AP, Sep. 11, 2002
By MARI YAMAGUCHI
September 11, 2002, 2:30 AM EDT
TOKYO — A policeman in body armor stands watch just a short walk past a shopping arcade. Farther down the narrow road, the watch intensifies — more uniformed police, joined by city officials and neighbors.
They are watching Aum Shinri Kyo, or what is left of it. And though the doomsday cult that shocked the world with its nerve gas attack on Tokyo’s subways is much diminished, no one expects the round-the-clock vigil to end soon.
Seven years ago Aum unleashed sarin nerve gas on Tokyo commuters, killing 12 people and sickening thousands in one of the worst acts of urban terrorism until the Sept. 11 attacks.
Now renamed Aleph, the cult no longer has a sprawling compound in the foothills of Mount Fuji, and its membership has fallen from more than 10,000 at its peak to about 1,650.
Founder Shoko Asahara’s trial for murder, begun more than six years ago, still drags on, but many of the cult’s other leaders have already been convicted and imprisoned.
The cult has renounced Asahara, acknowledged Aum’s past crimes and paid 330 million yen ($2.8 million) in compensation to the victims.
But public distrust has been heightened by inspections of the cult’s offices and living areas that found materials suggesting it still reveres Asahara.
Its very visible presence here and other enclaves scattered around the country suggests the cult is alive and well.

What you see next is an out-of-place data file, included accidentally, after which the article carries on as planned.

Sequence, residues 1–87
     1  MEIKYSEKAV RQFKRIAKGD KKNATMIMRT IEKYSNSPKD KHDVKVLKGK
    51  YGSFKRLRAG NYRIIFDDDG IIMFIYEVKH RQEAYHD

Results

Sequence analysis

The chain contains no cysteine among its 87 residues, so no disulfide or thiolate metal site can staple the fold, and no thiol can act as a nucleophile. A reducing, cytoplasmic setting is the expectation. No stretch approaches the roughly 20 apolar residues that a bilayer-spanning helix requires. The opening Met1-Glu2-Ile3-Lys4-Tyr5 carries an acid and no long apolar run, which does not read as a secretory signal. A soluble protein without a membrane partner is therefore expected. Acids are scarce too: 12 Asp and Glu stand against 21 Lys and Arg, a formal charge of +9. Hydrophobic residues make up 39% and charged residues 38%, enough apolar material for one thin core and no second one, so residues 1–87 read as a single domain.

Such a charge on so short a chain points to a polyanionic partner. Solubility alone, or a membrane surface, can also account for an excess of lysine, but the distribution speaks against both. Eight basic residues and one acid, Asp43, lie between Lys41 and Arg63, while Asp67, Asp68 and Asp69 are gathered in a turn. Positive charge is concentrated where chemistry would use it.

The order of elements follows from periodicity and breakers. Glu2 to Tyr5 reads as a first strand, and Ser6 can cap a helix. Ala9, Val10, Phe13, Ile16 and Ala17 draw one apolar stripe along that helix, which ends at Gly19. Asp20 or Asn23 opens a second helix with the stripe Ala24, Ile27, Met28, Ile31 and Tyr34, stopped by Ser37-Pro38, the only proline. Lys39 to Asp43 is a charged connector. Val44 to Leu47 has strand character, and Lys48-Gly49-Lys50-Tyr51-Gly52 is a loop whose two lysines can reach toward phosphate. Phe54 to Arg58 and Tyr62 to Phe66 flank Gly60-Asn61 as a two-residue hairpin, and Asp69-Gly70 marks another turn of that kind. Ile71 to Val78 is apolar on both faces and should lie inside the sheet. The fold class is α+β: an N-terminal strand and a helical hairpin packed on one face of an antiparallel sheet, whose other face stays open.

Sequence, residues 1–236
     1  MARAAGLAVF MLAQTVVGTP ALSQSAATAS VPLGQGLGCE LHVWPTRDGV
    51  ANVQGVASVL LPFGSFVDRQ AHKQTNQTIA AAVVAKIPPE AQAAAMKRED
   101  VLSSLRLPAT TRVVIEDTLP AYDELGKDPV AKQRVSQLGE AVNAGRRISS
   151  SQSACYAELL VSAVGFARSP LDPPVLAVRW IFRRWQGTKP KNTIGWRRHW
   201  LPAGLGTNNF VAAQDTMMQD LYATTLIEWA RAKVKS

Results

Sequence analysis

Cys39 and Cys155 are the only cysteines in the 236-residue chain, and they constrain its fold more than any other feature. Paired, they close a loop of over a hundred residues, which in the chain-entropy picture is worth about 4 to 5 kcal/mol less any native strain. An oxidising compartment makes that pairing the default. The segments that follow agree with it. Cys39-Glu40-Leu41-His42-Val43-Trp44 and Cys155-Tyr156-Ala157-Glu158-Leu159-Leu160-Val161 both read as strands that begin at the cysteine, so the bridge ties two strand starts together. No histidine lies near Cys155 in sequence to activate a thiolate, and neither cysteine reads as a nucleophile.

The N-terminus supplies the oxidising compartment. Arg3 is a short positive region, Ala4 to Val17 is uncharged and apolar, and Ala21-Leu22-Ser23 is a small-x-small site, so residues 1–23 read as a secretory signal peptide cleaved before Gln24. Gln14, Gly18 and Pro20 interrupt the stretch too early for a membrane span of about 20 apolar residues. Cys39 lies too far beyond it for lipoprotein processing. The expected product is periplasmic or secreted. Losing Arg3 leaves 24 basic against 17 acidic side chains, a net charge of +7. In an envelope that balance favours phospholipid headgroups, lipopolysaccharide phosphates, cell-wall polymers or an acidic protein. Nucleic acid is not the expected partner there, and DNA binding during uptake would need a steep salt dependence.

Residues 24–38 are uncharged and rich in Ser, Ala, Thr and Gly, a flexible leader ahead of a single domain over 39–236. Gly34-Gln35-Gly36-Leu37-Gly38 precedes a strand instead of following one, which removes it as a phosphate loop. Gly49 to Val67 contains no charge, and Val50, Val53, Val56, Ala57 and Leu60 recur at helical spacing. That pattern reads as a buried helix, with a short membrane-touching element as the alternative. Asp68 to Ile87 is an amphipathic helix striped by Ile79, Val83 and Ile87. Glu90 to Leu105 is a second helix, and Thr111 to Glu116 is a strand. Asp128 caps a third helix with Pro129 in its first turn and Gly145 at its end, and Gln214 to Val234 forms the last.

“We live in constant fear, it’s like living with terrorists,” said Noriko Chiba, who lives near the five-story brick apartments and two smaller adjacent buildings that the cult now uses. “Aum committed all these crimes in the past — how can you be sure they won’t do it again?”
Experts are divided on that question.
Masaki Kito, a lawyer who has taken on several cults in Japan, believes the threat is strong and goes beyond Japan.
“Aum is not just a domestic problem,” he said, alluding to revelations that in the 1990s the cult had an extensive network of followers in Russia and developed biological weapons in Australia. “If the authorities cannot contain it, Aum can spread sarin again, perhaps overseas next time.”
Aum’s membership includes 650 hard-core followers who have cut family and social ties and live at cult facilities. More than half of all Aum members are believed to have joined after the subway attack. The cult continues to run a profitable computer business and gets substantial donations.
Police, however, say the group does not pose an immediate threat to society.
Even so, officials warn against a false sense of security.
A five-year period during which police are allowed to keep close watch the group expires in January, and an investigator who spoke on condition of anonymity said it is keeping a low profile in hopes that the surveillance will not be renewed.
Fumihiro Joyu, one of the few Aum leaders at the time of the gassing who did not face serious charges, is now the cult’s leader. “Our current group has undergone reforms and abandoned the use of any type of violence,” he said in a statement published on his Web site. “We are not a terrorist group.”
But the neighborhood association’s fears have not been allayed since the cult moved in nearly three years ago.
It has collected 30,000 signatures demanding the surveillance be extended. Its representatives keep watch on Aum from a tiny booth as cult members in baggy yoga pants come and go, occasionally stopped for brief questioning by uniformed police.
The neighborhood has campaigned to keep the cult members from finding jobs nearby. To keep cult children out of local schools, the town office refused to register them until the Tokyo District Court called that unconstitutional.
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